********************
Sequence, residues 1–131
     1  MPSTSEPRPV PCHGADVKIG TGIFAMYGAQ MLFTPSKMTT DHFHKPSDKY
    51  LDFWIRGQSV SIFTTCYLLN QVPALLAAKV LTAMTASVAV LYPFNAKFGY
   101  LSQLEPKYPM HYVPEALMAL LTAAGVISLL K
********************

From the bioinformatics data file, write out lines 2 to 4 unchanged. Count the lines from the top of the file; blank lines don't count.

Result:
     1  MPSTSEPRPV PCHGADVKIG TGIFAMYGAQ MLFTPSKMTT DHFHKPSDKY
    51  LDFWIRGQSV SIFTTCYLLN QVPALLAAKV LTAMTASVAV LYPFNAKFGY
   101  LSQLEPKYPM HYVPEALMAL LTAAGVISLL K